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Japan to toughen visa rules amid fears of Chinese espionage

Tokyo to tighten inspections of visa applications from foreign students, researchers

Japanese Prime Minister Yoshihide Suga.

Japanese Prime Minister Yoshihide Suga. (AP photo)

TAIPEI (Taiwan News) — Japan is reportedly stepping up scrutiny of visa applications from foreign students and researchers in light of growing concerns over Chinese espionage in the country.

According to Japanese newspaper Yomiuri Shimbun, the Japanese government is planning to implement stricter visa requirements next year to prevent foreign interference and technology theft by international students and academic researchers. The report said the move is a response to rising fears in Japan that sensitive information is being funneled to other countries, especially China.

Japan's National Security Agency and a number of ministries will conduct stricter background checks of visa applicants and include suspicious persons in a system accessible to all government agencies as well as to diplomatic officials abroad, according to the report. The Japanese Foreign Ministry has also requested a budget of US$2.8 million for measures related to the closer inspections in the next fiscal year.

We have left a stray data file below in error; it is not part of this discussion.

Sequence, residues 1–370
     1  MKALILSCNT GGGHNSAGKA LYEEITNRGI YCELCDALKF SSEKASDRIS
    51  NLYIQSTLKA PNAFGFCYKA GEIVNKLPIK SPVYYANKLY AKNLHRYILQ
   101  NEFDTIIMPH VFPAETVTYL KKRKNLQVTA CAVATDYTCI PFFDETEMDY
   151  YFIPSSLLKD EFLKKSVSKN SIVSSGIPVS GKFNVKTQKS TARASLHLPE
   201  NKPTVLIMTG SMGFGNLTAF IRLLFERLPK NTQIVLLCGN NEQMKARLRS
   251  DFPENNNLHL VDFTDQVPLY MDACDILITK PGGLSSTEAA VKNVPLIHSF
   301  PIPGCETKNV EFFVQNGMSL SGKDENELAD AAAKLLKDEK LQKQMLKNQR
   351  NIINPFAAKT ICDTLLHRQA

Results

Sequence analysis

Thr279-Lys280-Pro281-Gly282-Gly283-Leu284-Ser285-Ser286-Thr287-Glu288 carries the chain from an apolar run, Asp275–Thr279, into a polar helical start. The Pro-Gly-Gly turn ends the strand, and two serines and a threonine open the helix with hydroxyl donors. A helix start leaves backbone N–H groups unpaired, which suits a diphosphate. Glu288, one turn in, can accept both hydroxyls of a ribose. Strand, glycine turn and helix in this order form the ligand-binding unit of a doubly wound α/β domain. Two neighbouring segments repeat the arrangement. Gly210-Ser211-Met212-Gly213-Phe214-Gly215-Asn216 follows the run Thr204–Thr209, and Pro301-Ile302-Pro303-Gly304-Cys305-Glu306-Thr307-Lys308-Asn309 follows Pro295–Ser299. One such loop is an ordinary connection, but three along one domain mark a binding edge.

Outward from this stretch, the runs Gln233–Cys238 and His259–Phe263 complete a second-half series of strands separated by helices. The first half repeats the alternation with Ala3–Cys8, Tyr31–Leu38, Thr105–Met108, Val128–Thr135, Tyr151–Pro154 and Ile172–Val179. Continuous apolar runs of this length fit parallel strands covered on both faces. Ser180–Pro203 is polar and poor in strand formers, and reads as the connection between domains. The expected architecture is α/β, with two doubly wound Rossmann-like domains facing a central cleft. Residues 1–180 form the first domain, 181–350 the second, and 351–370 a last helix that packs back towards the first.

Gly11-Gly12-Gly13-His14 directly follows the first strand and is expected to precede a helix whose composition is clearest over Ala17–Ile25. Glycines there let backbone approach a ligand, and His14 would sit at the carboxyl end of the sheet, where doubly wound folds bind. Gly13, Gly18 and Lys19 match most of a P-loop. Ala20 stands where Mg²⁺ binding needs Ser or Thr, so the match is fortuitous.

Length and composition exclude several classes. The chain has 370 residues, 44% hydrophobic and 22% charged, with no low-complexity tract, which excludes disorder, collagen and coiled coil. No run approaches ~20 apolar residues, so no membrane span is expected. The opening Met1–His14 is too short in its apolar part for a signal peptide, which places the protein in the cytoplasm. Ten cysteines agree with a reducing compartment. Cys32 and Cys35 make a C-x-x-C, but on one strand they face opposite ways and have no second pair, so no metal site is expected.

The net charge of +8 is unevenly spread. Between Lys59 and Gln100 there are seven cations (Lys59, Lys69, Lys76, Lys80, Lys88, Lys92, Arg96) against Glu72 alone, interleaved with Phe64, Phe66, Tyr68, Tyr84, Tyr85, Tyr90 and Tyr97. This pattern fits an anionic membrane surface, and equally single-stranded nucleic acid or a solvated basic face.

Once implemented, Japan will join countries like the U.S. and Australia in raising its guard against China's alleged espionage operations.

In September, Washington revoked the visas of more than 1,000 Chinese graduate students and researchers linked to the Chinese Communist Party, saying many of them had stolen data and intellectual property. Meanwhile, Australia has launched several investigations into Chinese scholars and journalists on the grounds of national security.